Gabriella Miller’s thick, dark hair flows halfway down her back, just a couple inches short of her goal length. The precocious nine year-old – she describes herself emphatically as “almost 10,” with her January birthday just around the corner – has been growing her hair for months; she plans to donate it to Locks of Love, a nonprofit organization that provides hairpieces to financially disadvantaged children facing long-term medical hair loss.
“So it’s ironic that Gabriella then gets cancer herself,” said Gabriella’s mother, Ellyn Miller.
Just three weeks ago, the Miller family learned why Gabriella, a fourth-grader at Loudoun Country Day School in Leesburg, had recently complained of headaches and blurry vision: the results of an MRI revealed an inoperable tumor on her brain stem.
After the diagnosis, a social worker at Children’s National Medical Center told Gabriella and her parents that she qualified for the Make-A-Wish Foundation, and Gabriella was excited to submit a request for a trip to Paris. She hopes to go with her family next year, after she finishes her chemotherapy and radiation treatment in January.
Even at her young age, Gabriella has already made a practice of giving back – she still plans to make her second hair donation to Locks of Love, and she once helped collect over 400 pounds of food for a local food bank, her mother said.
So when Ellyn saw a full-page Macy’s store ad in The Washington Post – promising that if the company received one million letters to Santa Claus before Christmas, it would donate $1 million to the Make-A-Wish Foundation – she ripped it out and showed it to her daughter.
They decided immediately that they would help, and Gabriella set her goal: she would contribute 10,000 letters.
Gabriella’s school offered to help, along with legions of friends, local organizations, schools and churches. The campaign has rapidly developed thousands of supporters across the community and far beyond – an interfaith effort, Ellyn noted: the Millers’s synagogue and several others are also participating, writing letters to Mr. R. H. Macy instead of Santa Claus.
“It’s not really about Santa Claus,” Ellyn said. “It’s about helping this amazing organization.”
The promise of a trip to Paris is a light at the end of the tunnel for the family, she said – Gabriella calls it “her shining star.” The Millers want to make sure that other kids going through grueling medical treatment can also have something of their own to look forward to.
The letter-writing campaign coincides with a demanding treatment schedule. Gabriella started a 30-day regimen of chemotherapy and radiation just before Thanksgiving, and will continue into January, Ellyn said.
The hope is that the treatment will shrink and kill the tumor — and together, the family came up with a physical metaphor to help Gabriella visualize that victory. After the doctors compared the size of a tumor to a walnut, Gabriella’s father, Mark, took her out one night and bought a package of walnuts. Back at home, they lined up the nuts on the deck railing outside, and Gabriella – along with her parents and her little brother, Jake – smashed them with a mallet, a frying pan, a hammer.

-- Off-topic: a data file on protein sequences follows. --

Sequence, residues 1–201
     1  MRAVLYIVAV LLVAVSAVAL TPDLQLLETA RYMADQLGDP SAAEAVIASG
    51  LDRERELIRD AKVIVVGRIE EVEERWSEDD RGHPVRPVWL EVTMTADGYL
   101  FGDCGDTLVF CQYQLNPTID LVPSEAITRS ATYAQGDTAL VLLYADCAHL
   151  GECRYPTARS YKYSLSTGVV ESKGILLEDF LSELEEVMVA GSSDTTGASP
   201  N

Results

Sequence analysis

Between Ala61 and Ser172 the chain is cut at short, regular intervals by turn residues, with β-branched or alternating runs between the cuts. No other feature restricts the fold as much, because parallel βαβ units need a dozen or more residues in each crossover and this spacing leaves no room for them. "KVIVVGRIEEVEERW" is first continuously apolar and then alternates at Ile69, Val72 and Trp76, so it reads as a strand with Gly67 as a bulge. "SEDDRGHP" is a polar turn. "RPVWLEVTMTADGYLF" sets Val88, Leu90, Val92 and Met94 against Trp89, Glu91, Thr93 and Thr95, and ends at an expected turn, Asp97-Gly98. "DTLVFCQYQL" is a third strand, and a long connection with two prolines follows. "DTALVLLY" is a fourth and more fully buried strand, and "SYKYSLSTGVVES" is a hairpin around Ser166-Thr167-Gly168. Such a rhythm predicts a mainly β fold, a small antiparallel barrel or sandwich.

It was a surprisingly empowering act, Ellyn said. “It’s become a daily tradition in our house.”
The family also created a public Facebook page to help spread the word about the campaign and its progress - as of Thursday, the “Make A Wish with Gabriella” page had been “liked” by more than 550 people, and included messages and photos from community members who had pitched in to support the cause.
“The support from people has been unbelievably overwhelming,” Ellyn said.
The campaign’s organizers – led by family friend Christina Croll, a marketing professional – have already collected more than 2,000 letters since Saturday, Croll said Thursday.
“If this is going to give her ten thousand distractions from what she’s going through, we can get her ten thousand letters,” Croll said.
Croll said the effort quickly went viral, with e-mails pouring in from around the world. American Idol winner Taylor Hicks even joined the cause, blogging and tweeting to ask his fans to support Gabriella’s goal.
Every message – whether from a celebrity or a classmate – helps keep Gabriella excited and positive as she goes through the exhausting treatment process, Ellyn said.
“She really enjoys just reading everything that people post,” she said. “It’s truly unbelievable.”
Gabriella plans to deliver the letters to a local Macy’s store — with the help of her friends, family and a large truck, Croll said — on Dec. 23.
“It’s really taken off,” Croll said. “We can make this happen.”
For those would like to write a letter to support Gabriella’s goal, Loudoun Country Day School will host a letter-writing event on Saturday from 10 a.m. to noon. The school is at 20600 Red Cedar Dr., Leesburg. A second event will take place Dec. 15 from 10 a.m. to noon at Loudoun School for the Gifted, at 44675 Cape Court, Unit 105, Ashburn.
Letters can also be dropped off in the large mailbox in the lobby of the Loudoun Country Day School until Dec. 18, or mailed to: Dear Santa “Make-A-Wish with Gabriella,” 20899 McIntosh Place, Leesburg VA 20175.
Flyers, letter templates and more information about the campaign can be found on Christina Croll’s Web site, at www.crollventures.com.